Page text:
Sony, Universal, and Warner among a host of top record labels to join wide-ranging decarbonisation initiative
Some of the world’s largest and most influential music businesses have today officially signed up to the Music Climate Pact, pledging to accelerate efforts to deliver net zero emissions across the global music industry.
Orchestrated by the UK’s Association of Independent Music (AIM) in collaboration with UK record labels association the BPI, the founding Signatories of the new pact stretch across all parts of the music business and include all three major music groups – Sony Music Group, Universal Music Group, and Warner Music Group – as well as world-renowned independent labels such as Beggars Group, BMG, Brownswood Recordings, Ninja Tune, Secretly Group, Warp and others.
Under the pact, all signatories have pledged to sign up to one of two independent decarbonisation schemes by February 2022: the Science Based Targets Initiative (SBTi) or the UN-backed Race to Zero SME Climate Commitment campaign.
The group said the new Pact would see signatories work together “to unite and take forward existing climate initiatives”, such as AIM’s Climate Action Group, the Near-Mint Vinyl initiative to reduce vinyl waste, and IMPALA’s soon to be launched Carbon Calculator, which aims to help the independent music sector measure its emissions.
Members have also committed to sharing data, insights, and resources, as well as providing support for artists to engage and speak up about climate issues.
The group said it hopes the number of signatories backing the Pact will grow, with hundreds more companies from around the world expected to sign by June 2022.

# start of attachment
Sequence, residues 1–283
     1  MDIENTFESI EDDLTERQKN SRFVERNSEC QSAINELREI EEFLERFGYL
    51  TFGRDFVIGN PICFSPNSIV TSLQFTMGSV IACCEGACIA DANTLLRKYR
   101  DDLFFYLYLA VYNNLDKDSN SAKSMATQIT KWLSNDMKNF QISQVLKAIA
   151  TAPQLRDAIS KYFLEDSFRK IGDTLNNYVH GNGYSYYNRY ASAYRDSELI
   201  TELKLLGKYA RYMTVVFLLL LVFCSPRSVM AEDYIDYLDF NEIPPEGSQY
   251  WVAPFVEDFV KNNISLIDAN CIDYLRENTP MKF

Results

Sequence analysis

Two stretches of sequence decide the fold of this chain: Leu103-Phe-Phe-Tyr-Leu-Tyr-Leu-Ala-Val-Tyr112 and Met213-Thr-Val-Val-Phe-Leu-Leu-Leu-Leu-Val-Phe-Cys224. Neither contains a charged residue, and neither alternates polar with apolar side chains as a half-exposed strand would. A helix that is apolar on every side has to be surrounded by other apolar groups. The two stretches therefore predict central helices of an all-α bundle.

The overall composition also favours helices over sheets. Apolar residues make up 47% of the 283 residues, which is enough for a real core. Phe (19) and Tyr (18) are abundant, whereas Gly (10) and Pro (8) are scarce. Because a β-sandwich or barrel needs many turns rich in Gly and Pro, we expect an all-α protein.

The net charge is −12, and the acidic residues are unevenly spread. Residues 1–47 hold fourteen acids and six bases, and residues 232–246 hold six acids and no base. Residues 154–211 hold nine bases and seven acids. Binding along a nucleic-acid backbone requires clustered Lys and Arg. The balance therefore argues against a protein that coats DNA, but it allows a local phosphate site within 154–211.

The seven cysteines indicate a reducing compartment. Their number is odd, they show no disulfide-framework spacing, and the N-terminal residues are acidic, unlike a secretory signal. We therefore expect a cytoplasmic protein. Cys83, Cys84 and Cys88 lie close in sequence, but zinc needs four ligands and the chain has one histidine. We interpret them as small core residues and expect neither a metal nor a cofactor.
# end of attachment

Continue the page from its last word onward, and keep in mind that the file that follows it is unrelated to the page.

And in addition to its core signatories, the Music Climate Pact also has a number of registered ‘Supporters’ – businesses and organisations that help create and deliver music, which are working to slash their climate impact. Initial Supporters include IFPI, Worldwide Independent Network (WIN), Julie’s Bicycle, Key Production, and Music Declares Emergency.
“The climate crisis is the single greatest challenge facing the world’s population,” said Paul Pacifico, chief executive at the Association of Independent Music (AIM). “No single business can solve this global threat on their own and it has been inspirational to see so much of the global music sector come together to take action.
“This Pact builds on the amazing work already underway by individual businesses of all sizes, and brings the knowledge sharing and cross collateralisation needed to effective substantive change. I would like to thank the Pact’s supporters and partners and look forward to welcoming more businesses to the Pact and helping them deliver on its commitment.”
Geoff Taylor, chief executive at BPI and the BRIT Awards, said the music industry had a uniquely powerful role to play in helping to drive the net zero transition. “The music community must take a leadership position on this most urgent of issues to support the work already being progressed by record labels to make their operations more sustainable,” he said. “It means not just taking our own effective and co-ordinated industry action to respond to the climate crisis, but using the power of music to help inspire others in effecting meaningful change.”